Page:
While the term "missing children" may seem clear, a close examination of the issue would reveal a spectrum of circumstances ranging from a misunderstanding about schedules to running away or being the victim of an abduction. Through the National Incidence Studies of Missing, Abducted, Runaway, and Thrownaway Children (NISMART) and its follow-up, NISMART-2, CCRC researchers sought to create a unified estimate of the number and type of missing children. To accomplish this, NISMART-2 defined missing children as either caretaker missing - when a child is missing from their caretaker - or reported missing - when a child is missing from their caretaker and is reported missing to an agency for help locating them.
- The total number of children who were missing from their caretakers in 1999 (i.e., their caretakers did not know their wherabouts and were alarmed for at least an hour while trying to locate them) is estimated to be 1,315,600.
- The number of missing children who were reported missing (i.e., reported to the police or a missing children's agency in order to locate them) was estimated to be 797,500, which is equivalent to a rate of 11.4 children per 1,000 in the U.S. population.
- Nearly all of the caretaker missing children (non-reported) (99.8%) were returned home alive or located by the time the study data were collected.
Sources: Highlights from the NISMART Bulletins. Office of Juvenile Justice and Delinquency Prevention. (2002). Juvenile Justice Fact Sheet, Washington, DC.
Andrea J. Sedlak, David Finkelhor, Heather Hammer and Dana J. Schultz (2002). National Estimates of Missing Children: An Overview. Juvenile Justice Bulletin–NCJ196465,1-12. Order #MC16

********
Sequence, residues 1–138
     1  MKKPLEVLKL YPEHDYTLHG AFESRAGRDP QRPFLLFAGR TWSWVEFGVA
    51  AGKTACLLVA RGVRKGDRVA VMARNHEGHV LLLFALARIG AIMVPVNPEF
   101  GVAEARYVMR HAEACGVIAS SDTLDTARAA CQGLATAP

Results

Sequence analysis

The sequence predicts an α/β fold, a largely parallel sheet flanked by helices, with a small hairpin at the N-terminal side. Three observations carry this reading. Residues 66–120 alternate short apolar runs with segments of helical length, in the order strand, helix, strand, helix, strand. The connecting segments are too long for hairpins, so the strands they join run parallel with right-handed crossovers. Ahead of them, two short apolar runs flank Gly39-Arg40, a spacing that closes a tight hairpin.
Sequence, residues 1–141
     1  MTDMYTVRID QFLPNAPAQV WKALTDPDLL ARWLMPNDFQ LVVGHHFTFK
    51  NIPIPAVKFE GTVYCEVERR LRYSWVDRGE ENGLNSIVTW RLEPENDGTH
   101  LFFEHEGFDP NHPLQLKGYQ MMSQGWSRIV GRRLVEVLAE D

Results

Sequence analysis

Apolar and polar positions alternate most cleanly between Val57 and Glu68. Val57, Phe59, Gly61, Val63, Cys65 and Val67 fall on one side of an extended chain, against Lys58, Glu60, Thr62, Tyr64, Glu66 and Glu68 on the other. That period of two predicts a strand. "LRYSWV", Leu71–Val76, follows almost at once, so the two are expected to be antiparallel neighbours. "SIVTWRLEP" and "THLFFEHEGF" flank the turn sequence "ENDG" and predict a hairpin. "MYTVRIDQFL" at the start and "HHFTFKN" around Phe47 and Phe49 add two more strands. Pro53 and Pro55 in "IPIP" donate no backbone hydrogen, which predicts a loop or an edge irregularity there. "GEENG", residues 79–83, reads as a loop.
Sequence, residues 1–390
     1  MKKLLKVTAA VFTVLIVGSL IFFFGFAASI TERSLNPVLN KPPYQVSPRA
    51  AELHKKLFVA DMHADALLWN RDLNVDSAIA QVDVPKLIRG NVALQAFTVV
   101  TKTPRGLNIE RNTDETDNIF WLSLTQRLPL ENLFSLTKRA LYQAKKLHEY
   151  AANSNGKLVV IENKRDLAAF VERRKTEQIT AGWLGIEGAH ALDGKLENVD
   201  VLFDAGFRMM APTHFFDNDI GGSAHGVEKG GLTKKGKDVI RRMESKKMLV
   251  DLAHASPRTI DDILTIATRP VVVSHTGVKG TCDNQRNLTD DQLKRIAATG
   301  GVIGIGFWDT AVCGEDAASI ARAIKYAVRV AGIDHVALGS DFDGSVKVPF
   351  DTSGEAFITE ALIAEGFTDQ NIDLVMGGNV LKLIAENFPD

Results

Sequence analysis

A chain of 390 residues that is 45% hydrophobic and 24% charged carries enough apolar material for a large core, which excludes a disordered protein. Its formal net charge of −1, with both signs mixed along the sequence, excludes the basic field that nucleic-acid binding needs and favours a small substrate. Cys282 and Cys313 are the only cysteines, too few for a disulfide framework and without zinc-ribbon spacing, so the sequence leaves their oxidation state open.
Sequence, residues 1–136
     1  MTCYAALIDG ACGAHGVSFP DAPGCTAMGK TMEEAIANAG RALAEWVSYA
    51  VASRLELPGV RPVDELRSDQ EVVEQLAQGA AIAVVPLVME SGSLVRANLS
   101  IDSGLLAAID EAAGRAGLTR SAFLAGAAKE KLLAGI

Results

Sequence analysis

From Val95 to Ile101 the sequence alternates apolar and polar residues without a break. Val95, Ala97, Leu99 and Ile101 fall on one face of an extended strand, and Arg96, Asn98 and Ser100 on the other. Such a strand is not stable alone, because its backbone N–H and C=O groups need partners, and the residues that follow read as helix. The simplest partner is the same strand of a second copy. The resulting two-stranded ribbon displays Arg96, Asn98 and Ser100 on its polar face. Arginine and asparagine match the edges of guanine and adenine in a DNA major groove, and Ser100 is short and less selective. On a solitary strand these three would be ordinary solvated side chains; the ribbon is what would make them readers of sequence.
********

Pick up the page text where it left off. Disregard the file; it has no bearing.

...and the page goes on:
National Estimates of Missing Children: Selected Trends, 1988-1999.
Hammer, H., Finkelhor, D., Sedlak, A.J., and Porcellini L. (2004).
This Bulletin presents results of a special analysis comparing selected findings from NISMART-2 and its predecessor, NISMART-1. The analysis, which is based on household surveys of adult caretakers and covers victims of family abductions, runaways, and children categorized as "lost, injured, or otherwise missing," highlights trends from 1988 to 1999 and reveals some encouraging news.
In the three categories considered, the analysis finds:
- No evidence of any increase in the incidence of missing children between 1988 and 1999.
- Decreases in the incidence rates for some types of episodes of missing children between 1988 and 1999.
Nonfamily Abducted Children: National Estimates and Characteristics.
Finkelhor, D., Hammer, H., and Sedlak, A.J. (2002).
This Bulletin presents results from the initial analysis of nonfamily abduction data collected by NISMART-2. Among the key findings of the study are:
- During the study year (1999), there were an estimated 115 stereotypical kidnappings, defined as abductions perpetrated by a stranger or slight acquaintance and involving a child who was transported 50 or more miles, detained overnight, held for ransom or with the intent to keep the child permanently, or killed.
- In 40 percent of stereotypical kidnappings, the child was killed, and in another 4 percent, the child was not recovered.
- There were an estimated 58,200 child victims of non-family abduction, defined more broadly to include all nonfamily perpetrators (friends and acquaintances as well as strangers) and crimes involving lesser amounts of forced movement or detention in addition to the more serious crimes entailed in stereotypical kidnappings.
- Teenagers were by far the most frequent victims of both stereotypical kidnappings and nonfamily abductions.
National Estimates of Missing Children: An Overview.
Sedlak, A.J., Finkelhor, D., Hammer, H., and Schultz, D.J. (2002).
This Bulletin describes the NISMART-2 efforts to come to an estimate of the number of missing children in the United States.